Buried in the Sky

The Extraordinary Story of the Sherpa Climbers on K2's Deadliest Day

Zuckerman, Peter

Book - 2012
Average Rating: 4 stars out of 5.
Buried in the Sky
When Edmund Hillary first conquered Mt. Everest, Sherpa Tenzing Norgay was at his side. Indeed, for as long as Westerners have been climbing the Himalaya, Sherpas have been the unsung heroes in the background. In August 2008, when eleven climbers lost their lives on K2, the world's most dangerous peak, two Sherpas survived. They had emerged from poverty and political turmoil to become two of the most skillful mountaineers on earth. Based on unprecedented access and interviews, Buried in the Sky reveals their astonishing story for the first time.Peter Zuckerman and Amanda Padoan explore the intersecting lives of Chhiring Dorje Sherpa and Pasang Lama, following them from their villages high in the Himalaya to the slums of Kathmandu, across the glaciers of Pakistan to K2 Base Camp. When disaster strikes in the Death Zone, Chhiring finds Pasang stranded on an ice wall, without an axe, waiting to die. The rescue that follows has become the stuff of mountaineering legend.At once a gripping, white-knuckled adventure and a rich exploration of Sherpa customs and culture, Buried in the Sky re-creates one of the most dramatic catastrophes in alpine history from a fascinating new perspective.

Publisher: New York : W.W. Norton & Co., c2012
Edition: 1st ed
ISBN: 9780393079883
Branch Call Number: 796.522 ZUCKERMA
Characteristics: xvi, 285 p., [16] p. of plates : col. ill., maps ; 25 cm
Additional Contributors: Padoan, Amanda


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Sep 02, 2014
  • McBainF1 rated this: 5 stars out of 5.

fantastic book. Highly recommended.
You can sense easily the cold of the mountain and the strength of the Sherpas. Loved this book

Jul 30, 2013
  • fuchsiagal rated this: 5 stars out of 5.

Excellent book-a highly recommended read. The writing is well researched and full of heart and concern for the sherpas.

Mar 11, 2013

Amazing story. Clearly the truth is stranger than fiction. It somehow still surprises me what people will do for money. In particular that the sherpas, the experts of the region, seem to have minimal say in what they do once on a trek, or even what basic safety equipment is mandatory, even if it means leaving behind someone's generator or Ikea inflatable couch. God God, don't get em started. To press on when they could see that not everyone was up to the task, to press on when one thing after another seemed to be telling them to turn back because the climbers paid for it. I figure that increased tourism increases prices for the sherpas and creates an endless cycle of perceived need.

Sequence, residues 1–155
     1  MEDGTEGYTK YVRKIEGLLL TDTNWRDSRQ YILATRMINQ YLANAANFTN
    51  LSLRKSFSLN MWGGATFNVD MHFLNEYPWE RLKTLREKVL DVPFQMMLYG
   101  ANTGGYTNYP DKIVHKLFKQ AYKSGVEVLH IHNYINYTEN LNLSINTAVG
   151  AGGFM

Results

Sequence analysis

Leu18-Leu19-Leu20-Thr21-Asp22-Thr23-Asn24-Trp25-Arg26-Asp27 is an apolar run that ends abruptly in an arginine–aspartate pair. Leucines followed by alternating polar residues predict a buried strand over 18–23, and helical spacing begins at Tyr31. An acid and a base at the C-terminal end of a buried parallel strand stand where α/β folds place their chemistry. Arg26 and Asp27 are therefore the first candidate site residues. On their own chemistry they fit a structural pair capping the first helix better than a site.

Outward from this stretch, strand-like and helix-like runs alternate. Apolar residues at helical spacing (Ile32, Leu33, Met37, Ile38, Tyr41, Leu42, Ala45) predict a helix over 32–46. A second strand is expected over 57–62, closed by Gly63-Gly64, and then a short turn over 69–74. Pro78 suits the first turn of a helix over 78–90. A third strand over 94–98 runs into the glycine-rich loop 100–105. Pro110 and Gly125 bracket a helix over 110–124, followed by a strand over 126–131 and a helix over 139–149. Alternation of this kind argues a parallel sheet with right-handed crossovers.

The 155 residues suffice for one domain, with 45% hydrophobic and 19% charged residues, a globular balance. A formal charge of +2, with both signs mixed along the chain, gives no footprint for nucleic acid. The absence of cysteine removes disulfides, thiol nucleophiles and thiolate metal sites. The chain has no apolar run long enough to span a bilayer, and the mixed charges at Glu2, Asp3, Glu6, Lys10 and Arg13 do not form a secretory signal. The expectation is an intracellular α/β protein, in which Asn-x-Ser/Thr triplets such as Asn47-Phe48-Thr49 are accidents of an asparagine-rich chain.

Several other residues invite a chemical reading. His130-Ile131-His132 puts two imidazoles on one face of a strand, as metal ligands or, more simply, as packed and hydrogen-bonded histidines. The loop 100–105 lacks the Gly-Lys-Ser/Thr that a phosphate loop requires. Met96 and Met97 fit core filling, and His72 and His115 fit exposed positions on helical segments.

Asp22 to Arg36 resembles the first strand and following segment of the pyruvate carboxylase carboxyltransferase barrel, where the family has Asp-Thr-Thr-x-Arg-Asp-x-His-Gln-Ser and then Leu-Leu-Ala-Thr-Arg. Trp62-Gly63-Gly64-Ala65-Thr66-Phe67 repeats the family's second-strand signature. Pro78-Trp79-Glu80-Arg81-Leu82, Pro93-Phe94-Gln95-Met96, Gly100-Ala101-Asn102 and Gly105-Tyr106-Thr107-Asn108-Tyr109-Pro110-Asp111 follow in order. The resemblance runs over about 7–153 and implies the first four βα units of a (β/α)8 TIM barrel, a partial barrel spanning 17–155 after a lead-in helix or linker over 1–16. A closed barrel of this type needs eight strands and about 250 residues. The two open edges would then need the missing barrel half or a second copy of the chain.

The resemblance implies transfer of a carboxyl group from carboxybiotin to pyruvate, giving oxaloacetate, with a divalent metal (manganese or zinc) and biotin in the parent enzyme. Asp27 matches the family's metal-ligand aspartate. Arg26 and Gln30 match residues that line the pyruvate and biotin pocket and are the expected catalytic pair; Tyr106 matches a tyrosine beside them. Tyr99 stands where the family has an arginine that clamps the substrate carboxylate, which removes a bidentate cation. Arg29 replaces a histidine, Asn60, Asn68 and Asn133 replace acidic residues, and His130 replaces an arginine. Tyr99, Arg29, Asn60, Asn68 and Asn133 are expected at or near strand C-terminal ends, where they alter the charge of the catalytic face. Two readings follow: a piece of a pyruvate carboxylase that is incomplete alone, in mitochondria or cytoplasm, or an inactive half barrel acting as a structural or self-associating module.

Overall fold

I very much enjoyed the gripping tale, but came away thinking that the average person who wants to climb Everest, much less K2 is an idiot, and the sherpas are misguided in helping them.

The mountain is littered with all the things that the climbers can't be bothered to carry back with them (the dead are the least of it). People sleep in sewage at the higher camps, what, to say they have been there? Idiotic in my view.

Aug 23, 2012
  • Rock_Shadow rated this: 4 stars out of 5.

Hard to put down read not only for mountaineers, but also for anyone who might care about people from other parts of the world struggling for their livelihood and dignity, in face of great obstacles. Sherpas understanding of their mountains in the light of legends and religious taboos were fascinating, and they put mountaineering workers and the big mountains into a different light: for some more romantic and for others more tragic.
The book, though focused on the 20008 K2 tragedy, was a lot more than a climber's book. It gave a political and tribal history of the mountain people, and included touching personal stories of several Nepali, Tibetan, and Pakistani high altitude
workers that took part in the ill-fated K2 climb. Since the authors explored ethical concerns of mountaineering, and also of treatment of the Sherpas and other high altitude workers, they included relevant stories from climbing Mt. Everest and other world's highest peaks. Unforgettable tribute to the high altitude mountain workers.


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